Three years ago, just before Easter, then-Archbishop Raymond Burke attended a Passover seder with about 25 people to commemorate God’s liberation of the Hebrew slaves from Egypt.

Guests wore yarmulkes — Burke brought his own fuchsia zucchetto worn by bishops — as a symbol of God’s presence, and enjoyed traditional seder fare: matzo, horseradish, apples and wine.

But this was not a traditional Passover seder.

“It was a seder celebrated in the light of Christ,” said David Moss, the seder’s host and president of the St. Louis-based Association of Hebrew Catholics.

Despite the risk of creating a rift with the local Jewish community, the Archdiocese of St. Louis has given the group its encouragement and support since 2006, when Burke (now a Vatican judge) welcomed it into the archdiocese.

When Moss’ organization announced its first national conference scheduled for October in St. Louis, the agenda included Burke and archdiocesan leaders. And that worries local Jewish groups.

After centuries of often contentious relations, in the last 50 years Catholic and Jewish leaders have generally come to an understanding on the idea of Catholics proselytizing Jews: Don’t do it.

The biblical command in the Gospel of Matthew to “make disciples of all nations” by baptizing them is at the heart of Christianity, and it can put evangelical-minded Catholics in an awkward position when they approach Jews.

Moss and a church official said the group works with Jewish converts to Catholicism and does not proselytize Jews. But the work of some of the conference’s speakers suggests otherwise.

Batya Abramson-Goldstein, executive director of the local Jewish Community Relations Council, said the archdiocese's participation in the conference was “deeply concerning.”

“This is not just about proselytization,” she said. “It’s about these groups, apparently with the support of the archdiocese, redefining how a Jew relates to his or her faith.”

In 1985, a U.S. bishops committee dealing with Catholic-Jewish relations said “proselytism, which does not respect human freedom, is carefully to be avoided.”

Karen Aroesty, regional director of the Anti-Defamation League, said “one of the things that the Jewish community knows, or should know, with confidence is that the Catholic Church does not proselytize, particularly to Jews.”

The Association of Hebrew Catholics aims to end “the alienation of Catholics of Jewish origin and background from their historical heritage,” according to its website.

At least one of the scheduled conference speakers for the October conference teaches adult catechism classes for the archdiocese, and the association has a regular lecture series at the St. Louis Cathedral Basilica.

Another conference speaker is Marty Barrack, an association board member who has written, “We evangelize Jews because Jesus sent us to the lost sheep of the house of Israel.”

Speaker Roy Schoeman’s website “is about, and celebrates, the relationship between Judaism and the Catholic Church and the conversion of the Jews.”

Jewish converts to Catholicism, who call themselves Jewish Catholics, differentiate themselves from so-called messianic Jews, who are typically converts to evangelical Protestant Christianity who join groups such as Jews for Jesus.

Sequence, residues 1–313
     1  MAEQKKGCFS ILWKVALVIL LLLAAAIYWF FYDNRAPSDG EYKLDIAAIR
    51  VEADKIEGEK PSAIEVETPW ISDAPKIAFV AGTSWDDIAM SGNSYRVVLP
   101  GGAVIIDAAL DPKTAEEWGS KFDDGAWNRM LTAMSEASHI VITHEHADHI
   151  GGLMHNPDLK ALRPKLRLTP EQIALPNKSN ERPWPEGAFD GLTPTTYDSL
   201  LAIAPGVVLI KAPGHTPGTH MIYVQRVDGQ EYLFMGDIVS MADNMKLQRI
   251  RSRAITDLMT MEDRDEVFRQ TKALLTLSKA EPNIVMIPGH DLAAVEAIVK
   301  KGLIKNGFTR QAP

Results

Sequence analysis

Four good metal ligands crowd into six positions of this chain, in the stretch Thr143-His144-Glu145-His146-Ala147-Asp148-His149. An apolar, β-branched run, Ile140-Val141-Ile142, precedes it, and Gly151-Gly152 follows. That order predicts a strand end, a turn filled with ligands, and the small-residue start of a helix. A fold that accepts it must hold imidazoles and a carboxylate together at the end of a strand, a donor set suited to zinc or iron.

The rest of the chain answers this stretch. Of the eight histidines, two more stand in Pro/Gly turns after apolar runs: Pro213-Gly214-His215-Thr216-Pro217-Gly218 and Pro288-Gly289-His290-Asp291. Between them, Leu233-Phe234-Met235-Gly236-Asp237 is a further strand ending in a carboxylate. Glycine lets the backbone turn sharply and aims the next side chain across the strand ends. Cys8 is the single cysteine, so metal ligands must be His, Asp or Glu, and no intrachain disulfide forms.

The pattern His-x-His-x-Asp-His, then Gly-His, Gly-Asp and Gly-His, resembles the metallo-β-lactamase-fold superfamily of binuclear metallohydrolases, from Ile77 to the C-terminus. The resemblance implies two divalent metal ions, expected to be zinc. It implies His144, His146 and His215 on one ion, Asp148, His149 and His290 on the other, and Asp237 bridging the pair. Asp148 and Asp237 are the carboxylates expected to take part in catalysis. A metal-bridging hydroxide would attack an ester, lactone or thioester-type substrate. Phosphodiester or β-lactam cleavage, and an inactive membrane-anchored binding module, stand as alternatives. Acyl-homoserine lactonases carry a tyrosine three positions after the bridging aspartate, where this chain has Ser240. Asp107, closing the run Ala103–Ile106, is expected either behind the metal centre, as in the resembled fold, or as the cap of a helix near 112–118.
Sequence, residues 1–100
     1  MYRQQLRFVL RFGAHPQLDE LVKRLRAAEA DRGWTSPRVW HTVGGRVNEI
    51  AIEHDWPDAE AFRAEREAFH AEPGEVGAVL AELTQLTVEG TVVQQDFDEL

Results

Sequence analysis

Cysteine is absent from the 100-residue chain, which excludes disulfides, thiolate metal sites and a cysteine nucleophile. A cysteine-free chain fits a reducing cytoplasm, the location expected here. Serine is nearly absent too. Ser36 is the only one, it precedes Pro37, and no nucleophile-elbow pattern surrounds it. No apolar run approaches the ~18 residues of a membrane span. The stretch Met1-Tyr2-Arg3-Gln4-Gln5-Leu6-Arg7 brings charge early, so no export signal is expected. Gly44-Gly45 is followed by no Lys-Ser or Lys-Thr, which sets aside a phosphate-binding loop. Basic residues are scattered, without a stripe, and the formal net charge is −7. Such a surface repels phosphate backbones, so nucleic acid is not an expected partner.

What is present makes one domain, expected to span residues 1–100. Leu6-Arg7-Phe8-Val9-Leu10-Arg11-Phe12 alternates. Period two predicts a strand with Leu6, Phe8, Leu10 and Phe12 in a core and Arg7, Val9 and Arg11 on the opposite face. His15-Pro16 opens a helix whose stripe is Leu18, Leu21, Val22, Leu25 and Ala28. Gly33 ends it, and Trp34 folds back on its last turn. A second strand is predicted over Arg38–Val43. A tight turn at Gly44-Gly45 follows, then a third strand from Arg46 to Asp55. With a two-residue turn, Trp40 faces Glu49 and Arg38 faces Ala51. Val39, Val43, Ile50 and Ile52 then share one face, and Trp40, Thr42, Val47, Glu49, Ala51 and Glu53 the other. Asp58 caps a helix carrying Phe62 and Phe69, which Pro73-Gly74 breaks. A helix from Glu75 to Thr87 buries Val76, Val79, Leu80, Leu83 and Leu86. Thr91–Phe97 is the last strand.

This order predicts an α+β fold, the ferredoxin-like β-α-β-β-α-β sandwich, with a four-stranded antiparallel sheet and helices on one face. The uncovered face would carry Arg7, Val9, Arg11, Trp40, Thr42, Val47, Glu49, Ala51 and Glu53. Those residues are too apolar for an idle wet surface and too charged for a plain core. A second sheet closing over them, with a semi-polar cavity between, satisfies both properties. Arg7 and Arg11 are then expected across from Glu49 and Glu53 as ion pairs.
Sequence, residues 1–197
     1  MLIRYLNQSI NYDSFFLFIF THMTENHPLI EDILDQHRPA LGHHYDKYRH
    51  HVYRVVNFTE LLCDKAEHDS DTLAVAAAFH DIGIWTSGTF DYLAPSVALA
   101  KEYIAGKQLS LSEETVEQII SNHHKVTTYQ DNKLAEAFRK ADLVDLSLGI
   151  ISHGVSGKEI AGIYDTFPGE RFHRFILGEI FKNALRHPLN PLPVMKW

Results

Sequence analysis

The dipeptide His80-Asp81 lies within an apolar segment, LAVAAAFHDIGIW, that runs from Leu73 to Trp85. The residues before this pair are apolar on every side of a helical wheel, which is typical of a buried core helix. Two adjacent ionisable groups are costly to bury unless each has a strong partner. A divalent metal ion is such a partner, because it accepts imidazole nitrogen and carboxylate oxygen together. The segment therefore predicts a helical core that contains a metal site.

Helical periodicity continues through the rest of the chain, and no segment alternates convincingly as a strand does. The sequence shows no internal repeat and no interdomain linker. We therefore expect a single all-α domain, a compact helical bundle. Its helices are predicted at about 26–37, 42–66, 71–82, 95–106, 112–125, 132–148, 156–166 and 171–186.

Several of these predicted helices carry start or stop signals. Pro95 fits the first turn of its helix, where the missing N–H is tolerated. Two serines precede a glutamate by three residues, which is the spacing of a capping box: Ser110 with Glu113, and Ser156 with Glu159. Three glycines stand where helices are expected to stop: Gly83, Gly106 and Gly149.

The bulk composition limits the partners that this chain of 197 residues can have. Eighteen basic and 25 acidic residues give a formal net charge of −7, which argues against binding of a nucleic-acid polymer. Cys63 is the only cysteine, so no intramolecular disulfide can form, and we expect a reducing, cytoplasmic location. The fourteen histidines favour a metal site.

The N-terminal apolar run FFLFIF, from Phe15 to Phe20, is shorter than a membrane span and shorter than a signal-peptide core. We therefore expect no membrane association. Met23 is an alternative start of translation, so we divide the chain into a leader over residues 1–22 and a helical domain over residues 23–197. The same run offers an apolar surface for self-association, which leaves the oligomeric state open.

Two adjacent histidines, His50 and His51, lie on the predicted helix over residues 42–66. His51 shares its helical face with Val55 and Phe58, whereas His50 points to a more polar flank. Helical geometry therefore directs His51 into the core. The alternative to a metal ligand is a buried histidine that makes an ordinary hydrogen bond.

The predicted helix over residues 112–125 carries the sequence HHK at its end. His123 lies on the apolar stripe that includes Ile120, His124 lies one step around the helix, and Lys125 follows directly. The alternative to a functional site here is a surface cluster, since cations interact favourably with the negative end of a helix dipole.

Moss said that while his group had no plans to openly proselytize Jews in the same way as Jews for Jesus, it does promote a softer kind of evangelization.

“Jews outside the church need to see a Jewish reality inside the church,” Moss said. “We don’t evangelize, but if Jews are able to preserve themselves within the church, it will open the floodgates for Jews to come into the church.”

Jewish leaders in St. Louis flatly disputed the concept of a Jewish Catholic. “One cannot be Catholic and be Jewish,” said Abramson-Goldstein.

“Those folks who are Jewish who formally convert to Catholicism or to another denomination in which they find that Jesus is Christ, they are not Jewish Catholics or messianic Jews,” added Aroesty. “They are Christians.”

The seder with Burke was held the year after the Hebrew Catholics group arrived in St. Louis from Michigan. Other diocesan leaders, including Auxiliary Bishop Robert Hermann and Monsignor Joseph Pins, rector of the St. Louis Cathedral Basilica, have attended subsequent seders, Moss said.

Both Hermann and Pins will celebrate Mass at the October conference, and Moss is planning to show an hour-long videotaped interview with Burke.

Burke’s approval of the organization is important because of his standing in the Vatican. In 2008, Pope Benedict XVI tapped Burke to head the Vatican’s supreme court. Burke now sits on three of nine Vatican “congregations” and the pope is likely to elevate Burke to cardinal this fall.

Burke responded to an interview request in a statement: “With regard to the Association of Hebrew Catholics, I have no comment to offer.”

Current Archbishop Robert Carlson was out of the country and unavailable for comment.

Moss, 68, who is retired from IBM, said he hopes to attract more than 400 people to the October event. He said about 800 people receive his group’s newsletter, but only about 250 members consider themselves Hebrew Catholics.

Lawrence Welch, executive director of the archdiocese’s office of ecumenical and interreligious affairs, said “the Gospel is for everyone, but the Catholic Church doesn’t specifically target Jews with proselytization.”

Welch makes a distinction between evangelizing and proselytizing, which he described as “nonethical ways of seeking the conversion of others, or arm-twisting.”

“My understanding of the group is that they do not target Jews for conversion,” Welch said of the Association of Hebrew Catholics. “That’s what they’ve told the leadership of the archdiocese. They’re in good standing with the archdiocese.”